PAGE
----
Retail stores are decking the halls, restaurants are booking
parties, and neighbours are balanced precariously on ladders, adorning their
homes with strings of lights. With the holiday season right around the corner,
it’s time for savvy shoppers to start compiling that all-important shopping
list, and instead of resorting to the boring old scarf or gift certificate for
your hard-to-buy-for brother or dad, why not offer up a literary gift: a book.
We’ve compiled a list of 12 good reads for 12 different people on your shopping
list, making two suggestions each week: husbands, wives, crazy uncles and
aunts, teenage boys and girls, tiny tots, the boss, your American (pro-Obama)
friend, the foodie, the family nature nut and local political junkie. Happy
For the boss – How to Lose Friends and Alienate People,
By Toby Young
As a gift for your boss, How to Lose Friends and Alienate
People works best simply by leaving it on your superior’s desk.
The book itself isn’t necessarily a kick in your boss’s
stomach, but it chronicles all the ways one can do that if they wish to assume
an underling’s position at a major New York magazine.
The book is a memoir by Toby Young, a British journalist with
the dubious distinction of having been fired by the Times of London, the
Guardian, the Independent and Vanity Fair. Besides these publications he was
also the editor of the Modern Review, a London magazine published every other
month whose motto was “low culture for highbrows.”
Articles included near-academic treatments of philistine
culture such as the Porky’s films and the collected works of Stephen King.
Beyond his experience as an editor, Young is quite possibly the
most obnoxious man who ever hit the industry. But he at least deserves credit for
being honest about it.
How to Lose Friends and Alienate People picks up as Young has
been commissioned as a contributing editor to Vanity Fair, one of North
America’s top cultural publications. There he finds himself trying to fit into
the “hoighty-toighty” atmosphere of Conde Nast, a publishing company that also
owns Vogue, Glamour and GQ.
Before coming to America he thinks his English accent will take
him a long way with his female co-workers and those he meets in NY’s exclusive
nightclubs. It isn’t long before he figures out that it takes more than an
accent — he’s also lacking in money, a Greenwich Village home and abs you
could grate cheese on.
To get a sense of Young’s obnoxiousness you need to think of a
slimmer version of Ricky Gervais’s character from The Office. Though not
particularly vindictive, Young is impulsive, offensive and blissfully unaware
of his impact on others.
His idea of a good prank is to order a stripper for his boss on
Take Your Daughters to Work Day. And luckily for him, there’s just no precedent
for that transgression.
He thinks it a good idea to take a single remaining empty seat
in the front row of a Calvin Klein fashion show. He also thinks it a good idea
to get revenge on his boss when he orders him out of the seat.
All of this is difficult stuff to admit to, but rest assured,
Young does it. He’s a brave man for it. And his antics, embarrassing as they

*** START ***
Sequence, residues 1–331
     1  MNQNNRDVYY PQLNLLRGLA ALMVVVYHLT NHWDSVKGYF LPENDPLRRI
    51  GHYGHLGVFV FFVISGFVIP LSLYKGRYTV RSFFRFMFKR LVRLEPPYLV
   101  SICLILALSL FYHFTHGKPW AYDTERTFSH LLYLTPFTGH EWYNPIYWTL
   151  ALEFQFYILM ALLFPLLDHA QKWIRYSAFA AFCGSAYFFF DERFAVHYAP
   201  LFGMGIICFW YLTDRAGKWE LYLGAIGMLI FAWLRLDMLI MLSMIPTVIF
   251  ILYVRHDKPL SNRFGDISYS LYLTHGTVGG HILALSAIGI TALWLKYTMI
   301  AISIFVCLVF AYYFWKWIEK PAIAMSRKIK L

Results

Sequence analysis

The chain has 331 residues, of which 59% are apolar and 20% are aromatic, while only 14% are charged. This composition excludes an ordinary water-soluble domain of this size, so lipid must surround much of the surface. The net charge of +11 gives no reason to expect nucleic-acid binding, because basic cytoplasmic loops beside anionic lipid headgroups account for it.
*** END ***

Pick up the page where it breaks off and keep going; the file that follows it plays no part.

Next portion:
are, are hilarious throughout. They make great fodder for a boss who wants to
believe there are worse employees than the ones he has.
– Jesse Ferreras
For the child – A Baker’s Dozen, by Dr. Seuss
Recently my nine-month old discovered books, or at least
pictures. We’ve been reading to her since birth, and it appears to have taken
hold. Before bedtime she’ll grab book after book off the shelf until it’s
The problem with most infant books is that they’re short, 20
pages at most, and have maybe 20 words on each page. I’ve read some of her
books 50 times now, and frankly I’m getting a little bored. Even Elly seems
ready to turn the page before I even get halfway through the words.
Enter Your Favorite Seuss: A Baker’s Dozen by the One and Only
Dr. Seuss. This book contains 13 stories: And to Think That I Saw It on
Mulberry Street, Horton Hears a Who!, McElligot’s Pool, If I Ran the Zoo, Happy
Birthday to You!, Dr. Seuss’s Sleep Book, Yertle the Turtle, The Cat in the
Hat, How the Grinch Stole Christmas, Green Eggs and Ham, The Lorax, The
Sneetches and Oh, The Places You’ll Go. There are introductory essays before
each story, and a collection of Theodor Geisel’s (Dr. Seuss’s) artwork.
Although I worry what Elly’s little hands will do to the paper
pages — most of her books are heavy cardboard for a reason — I know
she’ll love the pictures, the cadence of the poetry, and the fact that mommy
and daddy will be able to read to her for hours and hours without getting
bored. And while the content is way over Elly’s head, that’s not really the
point of reading to her just yet. I’m not teaching her to read or write, or
opposites, or shapes and colours, or right or wrong. It’s about bonding, and
creating a habit of reading and spending that time together before bedtime. And
it’s about me — you want to give your child 100 per cent of your
attention, and that’s much easier to do when you have great materials to work
Although it’s definitely not a book for toddlers, and is
probably better for kids aged 3 and up, this is an essential collection for
children of all ages, nine months to 35 years old.